Most Americans don’t take video game addiction terribly seriously, but South Korea has been dealing with rising rates of gaming addiction for years now. And the new documentary Love Child, which aired on HBO Monday night, explores the cultural climate that produces the problem.
Love Child investigates the story of a 3-month-old baby, Sarang, who died of malnourishment in 2010 while her parents were out playing video games at a PC bang, or Internet cafe. The couple was poor, and they earned money by playing video games— they would spend time getting desirable objects and weapons and then sell them for real-world cash. Specifically, they were playing a game called Prius Online, in which you raise a virtual sidekick. Essentially they were nurturing a digital child, while their real baby starved at home alone.
They were charged with murder but ended up convicted only of involuntary manslaughter, because a judge ruled that their gaming habit was an addiction that prevented them from understanding the consequences of their actions. The father served one year in jail, while the mother didn't serve any time. As it concludes, the documentary notes that the couple has now had another child.
The film is about the stunning irony of the baby’s death—though Sarang means “love” in Korean, she experienced none as her parents cared for a digital child instead. But more broadly the film attempts to explain how Korea’s advanced Internet infrastructure, strong video game industry, and cultural desire for communal activities (in real or digital space) have all played a role in the gaming addiction that now plagues the population. According to statistics cited by the film, 2 million South Koreans deal with some type of online addiction (that’s out of a population of about 50 million), and one-third of the country plays video games often enough to be classified as gamers. Video game addiction is such a problem that the Korean government groups it with alcohol, gambling, and drug addictions.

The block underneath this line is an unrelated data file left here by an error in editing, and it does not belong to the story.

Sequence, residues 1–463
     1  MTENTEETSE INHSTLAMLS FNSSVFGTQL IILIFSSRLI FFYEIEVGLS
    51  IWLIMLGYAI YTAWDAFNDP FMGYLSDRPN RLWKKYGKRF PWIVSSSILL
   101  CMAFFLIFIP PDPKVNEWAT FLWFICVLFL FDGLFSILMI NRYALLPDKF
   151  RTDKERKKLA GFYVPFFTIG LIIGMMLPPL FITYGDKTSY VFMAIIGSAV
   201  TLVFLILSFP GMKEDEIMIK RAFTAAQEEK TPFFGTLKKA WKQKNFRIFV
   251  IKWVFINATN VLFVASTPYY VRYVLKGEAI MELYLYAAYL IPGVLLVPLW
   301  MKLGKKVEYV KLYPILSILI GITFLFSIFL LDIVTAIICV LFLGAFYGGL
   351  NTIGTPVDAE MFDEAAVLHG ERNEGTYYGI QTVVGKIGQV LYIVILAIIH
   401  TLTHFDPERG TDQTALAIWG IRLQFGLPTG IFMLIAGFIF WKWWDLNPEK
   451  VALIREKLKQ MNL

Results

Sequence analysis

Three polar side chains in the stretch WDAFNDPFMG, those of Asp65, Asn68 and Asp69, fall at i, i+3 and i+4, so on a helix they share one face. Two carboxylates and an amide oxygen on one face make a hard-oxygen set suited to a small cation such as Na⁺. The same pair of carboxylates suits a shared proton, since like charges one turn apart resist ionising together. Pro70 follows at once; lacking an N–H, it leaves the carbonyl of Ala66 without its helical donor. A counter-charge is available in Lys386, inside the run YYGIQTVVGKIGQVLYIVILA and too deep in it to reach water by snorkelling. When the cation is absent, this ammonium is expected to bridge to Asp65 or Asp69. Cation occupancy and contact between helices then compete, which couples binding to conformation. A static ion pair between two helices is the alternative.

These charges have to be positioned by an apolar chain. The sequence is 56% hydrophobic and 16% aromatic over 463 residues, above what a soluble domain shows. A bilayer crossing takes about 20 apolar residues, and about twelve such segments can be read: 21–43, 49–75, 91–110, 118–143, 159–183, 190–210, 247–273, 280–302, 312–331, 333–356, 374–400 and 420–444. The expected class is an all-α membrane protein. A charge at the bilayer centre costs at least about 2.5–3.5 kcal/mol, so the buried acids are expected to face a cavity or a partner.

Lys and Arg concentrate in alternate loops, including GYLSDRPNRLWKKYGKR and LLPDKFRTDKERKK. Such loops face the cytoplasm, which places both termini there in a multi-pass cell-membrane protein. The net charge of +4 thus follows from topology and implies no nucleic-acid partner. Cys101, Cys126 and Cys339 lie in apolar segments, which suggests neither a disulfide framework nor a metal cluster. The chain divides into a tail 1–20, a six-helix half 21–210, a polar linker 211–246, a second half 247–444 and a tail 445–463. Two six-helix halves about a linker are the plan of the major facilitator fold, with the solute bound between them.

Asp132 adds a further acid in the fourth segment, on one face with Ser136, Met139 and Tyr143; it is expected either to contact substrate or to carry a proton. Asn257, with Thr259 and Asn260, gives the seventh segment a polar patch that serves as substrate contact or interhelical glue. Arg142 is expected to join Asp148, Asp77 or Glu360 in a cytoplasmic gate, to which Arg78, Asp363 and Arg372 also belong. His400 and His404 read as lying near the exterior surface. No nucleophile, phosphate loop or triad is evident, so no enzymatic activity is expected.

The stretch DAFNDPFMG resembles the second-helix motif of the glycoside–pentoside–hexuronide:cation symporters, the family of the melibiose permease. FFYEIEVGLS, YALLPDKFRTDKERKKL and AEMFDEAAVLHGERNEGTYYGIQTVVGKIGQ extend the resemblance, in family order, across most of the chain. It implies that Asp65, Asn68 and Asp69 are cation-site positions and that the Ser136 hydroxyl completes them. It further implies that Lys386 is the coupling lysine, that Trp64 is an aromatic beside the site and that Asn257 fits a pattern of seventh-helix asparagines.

But the video game industry continues to deliver immersive, multiplayer online games, and the people keep consuming them. One video game developer said in the documentary, “Our goal is to make users happy by reflecting their desires in games. If a game developer fails to lead users to be immersed in games, then it's a neglect of duty.”
Love Child tells the story of the Sarang case well, but it’s hard to know how broadly the larger narrative can be applied. In an interview with Yahoo Tech, director Valerie Veatch even says that she and her crew met with and interviewed the couple, but didn’t include the footage, which seems like it would be kind of important, in the documentary. “It was a real intentional artistic choice on my part,” she said. “My films are spaces for conversation to bounce around in.”
Still, the film raises important questions about how people react when presented with virtually unlimited high-speed Internet and immersive gaming worlds where they feel that they can shed their regular identity and become something else.
TODAY IN SLATE
Black people’s disdain for “proper English” and academic achievement is a myth.
Hong Kong’s Protesters Are Ridiculously Polite. That’s What Scares Beijing So Much.
The One Fact About Ebola That Should Calm You: It Spreads Slowly
A Jaw-Dropping Political Ad Aimed at Young Women, Apparently
How Even an Old Hipster Can Age Gracefully
On their new albums, Leonard Cohen, Robert Plant, and Loudon Wainwright III show three ways.